Captain America #4, Punisher War Zone #5, Daredevil #23, Thor: God of Thunder #5
Published by Marvel Comics
One could write separate notices for each of these comics, in fact, there are websites so devoted to doing so that they now consider themselves worthy of actual human contact, and will often appear in public places, usually to complain about the lack of respect they receive for their 7 stars out of 10 reviews whenever they try to get press passes for toy conventions. Hell, some of those craven death-worshiping fascists have gone so far up their own asses that they actually think they have something to say that needs saying, when the reality of all their work is that they are merely water carriers for an industry that is composed off the fact that, 1 star or 10, they are a bunch of dumb motherfuckers who would buy a flipbook of their baby sister getting bludgeoned if it were in continuity and Jonathan Hickman drew a graph that bridged the confusing sequences. There's absolutely nothing spectacular about the four Marvel comics listed above, but they were all relatively tolerable ways to pass the time when the time needed passing, and they were all competently drawn with some occasional flourish. Would they keep you from killing yourself if you were hell-bent on doing so? No. But you can bet a lot of people ate bullets during the original Galactus saga, so that isn't a very good thermometer in the first place.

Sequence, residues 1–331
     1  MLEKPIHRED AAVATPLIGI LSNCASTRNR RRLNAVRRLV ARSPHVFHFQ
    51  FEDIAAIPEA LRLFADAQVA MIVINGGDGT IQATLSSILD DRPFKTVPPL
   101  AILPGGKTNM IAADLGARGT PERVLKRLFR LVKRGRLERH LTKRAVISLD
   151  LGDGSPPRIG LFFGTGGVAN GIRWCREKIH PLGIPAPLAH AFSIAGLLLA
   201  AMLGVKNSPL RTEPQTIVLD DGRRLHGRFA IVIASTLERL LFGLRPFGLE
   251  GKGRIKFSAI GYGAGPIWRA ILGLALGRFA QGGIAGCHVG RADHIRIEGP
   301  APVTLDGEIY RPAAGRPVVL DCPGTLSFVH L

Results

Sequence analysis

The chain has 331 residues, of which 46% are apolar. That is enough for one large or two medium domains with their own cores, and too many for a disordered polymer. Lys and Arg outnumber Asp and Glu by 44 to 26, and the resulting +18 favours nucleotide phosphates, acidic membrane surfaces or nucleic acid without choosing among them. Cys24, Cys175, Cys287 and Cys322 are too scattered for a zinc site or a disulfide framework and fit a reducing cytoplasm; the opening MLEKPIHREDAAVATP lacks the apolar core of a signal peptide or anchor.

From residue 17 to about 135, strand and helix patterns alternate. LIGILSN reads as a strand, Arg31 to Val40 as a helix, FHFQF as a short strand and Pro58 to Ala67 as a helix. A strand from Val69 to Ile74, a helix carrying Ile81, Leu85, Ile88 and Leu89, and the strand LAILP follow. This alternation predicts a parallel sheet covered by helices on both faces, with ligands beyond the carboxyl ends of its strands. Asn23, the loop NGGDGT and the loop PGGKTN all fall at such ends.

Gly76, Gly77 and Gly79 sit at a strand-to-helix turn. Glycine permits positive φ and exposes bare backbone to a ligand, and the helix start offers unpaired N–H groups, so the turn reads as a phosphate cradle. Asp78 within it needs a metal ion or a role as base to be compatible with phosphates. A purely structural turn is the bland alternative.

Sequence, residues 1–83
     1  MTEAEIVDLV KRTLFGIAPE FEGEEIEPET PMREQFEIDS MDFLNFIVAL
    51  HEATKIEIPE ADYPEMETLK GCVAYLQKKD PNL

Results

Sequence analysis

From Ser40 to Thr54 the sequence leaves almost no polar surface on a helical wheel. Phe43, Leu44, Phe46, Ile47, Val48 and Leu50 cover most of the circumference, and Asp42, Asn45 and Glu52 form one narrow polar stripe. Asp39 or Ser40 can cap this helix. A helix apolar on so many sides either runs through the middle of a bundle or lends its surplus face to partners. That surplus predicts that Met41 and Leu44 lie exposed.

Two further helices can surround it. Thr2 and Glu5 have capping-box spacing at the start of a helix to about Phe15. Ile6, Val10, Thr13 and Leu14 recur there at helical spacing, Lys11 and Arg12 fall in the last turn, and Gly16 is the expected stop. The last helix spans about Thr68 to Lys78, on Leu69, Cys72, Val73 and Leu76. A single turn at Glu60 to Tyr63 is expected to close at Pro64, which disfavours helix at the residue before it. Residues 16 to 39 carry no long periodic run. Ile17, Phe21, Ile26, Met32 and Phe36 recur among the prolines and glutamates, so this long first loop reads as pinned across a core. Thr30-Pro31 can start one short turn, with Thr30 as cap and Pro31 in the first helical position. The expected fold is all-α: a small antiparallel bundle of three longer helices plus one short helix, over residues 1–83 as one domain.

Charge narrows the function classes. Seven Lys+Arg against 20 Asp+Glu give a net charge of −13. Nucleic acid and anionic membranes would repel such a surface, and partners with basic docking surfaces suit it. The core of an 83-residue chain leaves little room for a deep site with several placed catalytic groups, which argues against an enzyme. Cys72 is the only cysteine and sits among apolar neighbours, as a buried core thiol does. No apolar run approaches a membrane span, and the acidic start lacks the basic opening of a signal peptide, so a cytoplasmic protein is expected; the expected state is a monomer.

Justice League of America's Vibe #1 and Justice League of America #1 VERSUS Uncanny X-Men #1 and Guardians of the Galaxy #.01
By Geoff Johns, Andrew Kreisberg, Pete Woods, Sean Parsons, David Finch, Dale Murphy, Francisco Cabrera, Chris Bachalo, Tim Townsend, Al Vey, Jaime Mendoza, Brian Michael Bendis, Steve McNiven, John Dell, Justin Ponsor, Sonia Oback, Jeromy Cox
Published by Marvel and DC Comics